https://doi.org/10.7554/eLife.37892.019
Light signaling controls the proteolytic degradation of the UBP22, SGF11 and ENY2 DUBm subunits.

(A). UBP22, SGF11 and ENY2 DUBm components are degraded by the proteasome preferentially in darkness. Immunoblot analysis of GFP-tagged DUBm proteins in seedlings grown under continuous light or dark conditions. Prior to plant harvesting, seedlings were treated (+) or not (-) with 50 µM MG132 for 12 hr. (B) SGF11 is poly-ubiquitinated in vivo. MYC-SGF11 protein extracts from light (L)- and dark (D)-grown seedlings, treated (+) or not (-) with 50 µM MG132 for 12 hr, were incubated with p62 resin or with agarose resin as negative control. Ubiquitinated proteins are detected using anti-Ubiquitin antibody. Anti-MYC allows detection of MYC-SGF11 and its polyubiquitinated isoforms. Polyubiquitinated MYC-SGF11 signals are indicated (poly-Ub). (C) DET1 promotes the degradation of SGF11 and UBP22 preferentially in darkness. Analysis of the abundance of MYC-SGF11 and GFP-UBP22 proteins in wild-type and det1-1 seedlings grown under dark or light conditions. Prior to plant harvesting, seedlings were treated (+) or not (-) with 50 µM MG132 for 12 hr. (D) DET1 promotes UBP22 and SGF11 protein degradation upon a light-to-dark shift. In (A-D), immunoblots were performed on whole-cell protein extracts from seedlings grown under the indicated conditions.

https://doi.org/10.7554/eLife.37892.021
DET1 controls histone H2B monoubiquitination levels by opposing DUBm activity.

(A) UBP22 loss of function largely suppresses the loss of H2Bub in det1-1 seedlings. Histone H2B (18 kDa) and its monoubiquitinated H2B (~26 kDa) forms are detected with an anti-H2B antibody in immunoblot analysis of chromatin extracts from seedlings with the indicated genotypes. A scheme for the regulatory effects of light, C3D and DUBm on H2B ubiquitination homeostasis is depicted. (B) Partial suppression of det1-1 constitutive photomorphogenic phenotype by UBP22 loss-of-function. Columns represent average hypocotyl length of 5-day-old dark-grown seedlings with the indicated genotypes. Error bars represent standard deviation (N ≥ 20). Letters above bars indicate statistically distinct groups (p<0.01, one-way Anova with Tukey-HSD) with respect to wild-type Col-0 (a) or to det1-1 seedlings (b). (C) RNA-seq analysis of light-grown seedlings show that det1-1 defects in gene expression are partially suppressed after introgression of the ubp22-1 mutation, while UBP22 loss-of-function per se only marginally affects gene expression in wild-type plants. The number of genes correspond to a Log2FC > 1 and a FDR < 0.01. (D) UBP22 overexpression decreases histone H2Bub global level. Left panel, RT-qPCR measurement of UBP22 transcript levels in overexpression lines #OE1 and #OE2 relative to the wild-type level (arbitrarily set to 1). Right panel, immunodetection of H2Bub levels in chromatin extracts from light-grown seedlings of the indicated genotypes. (E) Proposed model depicting the C3D complex activity in regulating histone H2Bub homeostasis through ubiquitin-mediated control of the DUBm stability. UBP22 is a Ubp8 homolog acting with SGF11 and ENY2 in H2Bub deubiquitination, possibly promoting transcription under optimal growth conditions. The C3D complex DDA1 subunit targets SGF11 for degradation, favoring degradation of the DUBm. DET1 affinity for non-acetylated histone H2B (Benvenuto et al., 2002) may favor this degradation nearby H2Bub-rich regions. DET1 may further influence histone H2B acetylation status via an unknown mechanism, possibly involving the DUBm/SAGA activities or independent pathways. In the absence of Sgf73 homolog in plants, the DUBm may act independently from SAGA.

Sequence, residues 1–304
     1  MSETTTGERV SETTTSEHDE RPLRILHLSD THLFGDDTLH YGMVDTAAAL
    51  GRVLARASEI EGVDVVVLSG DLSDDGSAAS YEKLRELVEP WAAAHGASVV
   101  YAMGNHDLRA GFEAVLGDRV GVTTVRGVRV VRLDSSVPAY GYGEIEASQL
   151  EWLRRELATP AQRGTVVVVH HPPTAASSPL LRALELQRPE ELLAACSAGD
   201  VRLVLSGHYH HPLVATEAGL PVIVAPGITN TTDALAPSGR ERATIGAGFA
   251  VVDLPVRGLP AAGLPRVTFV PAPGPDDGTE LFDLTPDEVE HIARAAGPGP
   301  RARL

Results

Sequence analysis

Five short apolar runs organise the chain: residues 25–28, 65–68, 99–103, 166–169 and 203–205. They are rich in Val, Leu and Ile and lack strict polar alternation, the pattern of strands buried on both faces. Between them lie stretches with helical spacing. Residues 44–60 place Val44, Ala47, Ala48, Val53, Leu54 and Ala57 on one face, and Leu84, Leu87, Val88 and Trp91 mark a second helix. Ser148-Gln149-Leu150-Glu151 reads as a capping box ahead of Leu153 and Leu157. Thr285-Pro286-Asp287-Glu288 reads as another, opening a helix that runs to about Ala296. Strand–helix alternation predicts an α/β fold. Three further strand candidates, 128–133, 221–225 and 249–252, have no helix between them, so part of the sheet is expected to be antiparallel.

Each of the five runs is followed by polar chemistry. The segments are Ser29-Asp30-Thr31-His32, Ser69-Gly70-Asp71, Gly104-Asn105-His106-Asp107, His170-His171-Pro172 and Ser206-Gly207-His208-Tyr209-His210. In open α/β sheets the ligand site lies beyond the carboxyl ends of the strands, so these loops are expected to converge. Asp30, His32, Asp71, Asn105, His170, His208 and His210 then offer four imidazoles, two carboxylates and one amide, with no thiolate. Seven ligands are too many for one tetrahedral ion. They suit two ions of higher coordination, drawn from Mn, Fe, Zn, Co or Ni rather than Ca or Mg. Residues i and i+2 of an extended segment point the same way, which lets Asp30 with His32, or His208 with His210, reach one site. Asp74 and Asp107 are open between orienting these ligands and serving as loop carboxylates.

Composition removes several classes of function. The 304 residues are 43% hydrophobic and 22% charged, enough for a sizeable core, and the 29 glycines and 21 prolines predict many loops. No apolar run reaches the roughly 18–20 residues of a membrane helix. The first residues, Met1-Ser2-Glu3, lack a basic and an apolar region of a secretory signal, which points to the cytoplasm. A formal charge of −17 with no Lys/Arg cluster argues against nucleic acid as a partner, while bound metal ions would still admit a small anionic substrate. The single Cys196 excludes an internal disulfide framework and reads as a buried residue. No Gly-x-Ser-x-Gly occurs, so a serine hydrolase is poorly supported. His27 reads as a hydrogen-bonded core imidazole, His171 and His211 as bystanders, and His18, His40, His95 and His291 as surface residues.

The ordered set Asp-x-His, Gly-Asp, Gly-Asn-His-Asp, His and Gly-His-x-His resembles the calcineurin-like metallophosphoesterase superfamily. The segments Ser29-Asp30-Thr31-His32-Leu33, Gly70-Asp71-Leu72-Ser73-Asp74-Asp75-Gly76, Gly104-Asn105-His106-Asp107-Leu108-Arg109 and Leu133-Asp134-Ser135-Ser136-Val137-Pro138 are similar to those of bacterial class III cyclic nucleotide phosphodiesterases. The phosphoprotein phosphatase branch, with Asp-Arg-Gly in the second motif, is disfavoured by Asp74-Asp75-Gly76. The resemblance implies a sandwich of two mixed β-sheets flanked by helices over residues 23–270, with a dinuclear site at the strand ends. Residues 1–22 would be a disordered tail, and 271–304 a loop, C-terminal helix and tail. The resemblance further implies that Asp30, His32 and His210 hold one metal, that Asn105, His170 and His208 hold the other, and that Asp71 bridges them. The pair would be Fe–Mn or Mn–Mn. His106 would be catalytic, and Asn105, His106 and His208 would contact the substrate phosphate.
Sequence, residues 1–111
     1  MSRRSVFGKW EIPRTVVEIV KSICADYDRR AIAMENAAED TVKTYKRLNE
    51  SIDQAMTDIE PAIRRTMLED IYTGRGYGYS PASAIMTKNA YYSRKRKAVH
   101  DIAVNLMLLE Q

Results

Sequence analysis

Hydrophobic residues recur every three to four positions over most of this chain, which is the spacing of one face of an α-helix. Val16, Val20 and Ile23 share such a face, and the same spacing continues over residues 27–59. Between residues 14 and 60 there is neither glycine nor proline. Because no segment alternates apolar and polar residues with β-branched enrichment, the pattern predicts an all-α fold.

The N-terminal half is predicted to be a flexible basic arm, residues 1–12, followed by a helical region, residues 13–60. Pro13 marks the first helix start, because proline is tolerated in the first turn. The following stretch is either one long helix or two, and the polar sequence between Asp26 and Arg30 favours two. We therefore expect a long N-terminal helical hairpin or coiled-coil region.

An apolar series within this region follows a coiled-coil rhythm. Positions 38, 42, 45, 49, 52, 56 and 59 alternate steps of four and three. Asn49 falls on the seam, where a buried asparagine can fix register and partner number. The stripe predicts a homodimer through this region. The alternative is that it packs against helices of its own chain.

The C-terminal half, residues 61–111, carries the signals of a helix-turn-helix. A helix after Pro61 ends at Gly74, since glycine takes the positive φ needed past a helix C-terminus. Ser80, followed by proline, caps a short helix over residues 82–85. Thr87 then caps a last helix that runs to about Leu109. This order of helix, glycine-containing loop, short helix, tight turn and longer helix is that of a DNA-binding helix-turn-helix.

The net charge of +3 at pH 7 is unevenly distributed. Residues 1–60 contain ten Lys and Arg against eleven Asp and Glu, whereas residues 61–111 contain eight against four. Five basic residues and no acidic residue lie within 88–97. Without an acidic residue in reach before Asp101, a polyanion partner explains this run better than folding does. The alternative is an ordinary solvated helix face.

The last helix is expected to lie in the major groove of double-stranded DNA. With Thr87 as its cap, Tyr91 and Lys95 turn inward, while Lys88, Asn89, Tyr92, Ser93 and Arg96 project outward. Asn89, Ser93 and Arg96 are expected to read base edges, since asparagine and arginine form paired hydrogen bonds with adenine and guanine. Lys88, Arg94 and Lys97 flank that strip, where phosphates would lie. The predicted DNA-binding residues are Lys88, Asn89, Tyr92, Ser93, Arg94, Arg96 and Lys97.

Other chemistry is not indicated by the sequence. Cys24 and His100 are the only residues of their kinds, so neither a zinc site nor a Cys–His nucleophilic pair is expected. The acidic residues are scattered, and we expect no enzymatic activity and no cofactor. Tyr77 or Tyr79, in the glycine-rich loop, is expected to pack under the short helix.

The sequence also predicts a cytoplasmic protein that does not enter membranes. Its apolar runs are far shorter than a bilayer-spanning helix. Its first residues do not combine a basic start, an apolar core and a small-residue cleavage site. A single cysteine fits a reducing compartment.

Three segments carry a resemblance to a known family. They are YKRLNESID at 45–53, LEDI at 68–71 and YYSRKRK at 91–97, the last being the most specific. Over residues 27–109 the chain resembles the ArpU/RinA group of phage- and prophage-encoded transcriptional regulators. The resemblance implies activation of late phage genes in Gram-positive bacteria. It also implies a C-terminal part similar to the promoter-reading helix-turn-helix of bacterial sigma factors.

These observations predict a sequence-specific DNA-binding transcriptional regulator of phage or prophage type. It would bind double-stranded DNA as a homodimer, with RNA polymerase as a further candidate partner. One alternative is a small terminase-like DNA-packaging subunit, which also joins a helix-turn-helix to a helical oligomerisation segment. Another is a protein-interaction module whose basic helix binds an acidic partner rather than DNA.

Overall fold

https://doi.org/10.7554/eLife.37892.022

Tables

Key resources table
Reagent type (species)
or resource
DesignationSource or referenceIdentifiersAdditional information
Genetic reagent
(Arabidopsis thaliana)
det1-1Chory et al., 1989det1-1Col-0; EMS
mutation
Genetic reagent
(Arabidopsis thaliana)
hub1-3Fleury et al., 2007GABI_276D08Col-0; from
NASC collection
Genetic reagent
(Arabidopsis thaliana)
hub2-2Liu et al., 2007SALK_071289Col-0; from
NASC collection
Genetic reagent
(Arabidopsis thaliana)
ubp26-4Sridhar et al., 2007SALK_024392Col-0; from
NASC collection
Genetic reagent
(Arabidopsis thaliana)
ubp22-1This study;
see Materials and methods
GABI_263H06Col-0; from
NASC collection
Genetic reagent
(Arabidopsis thaliana)
sgf11-1This study and Pfab et al., 2018SAIL_856_F11Col-0; from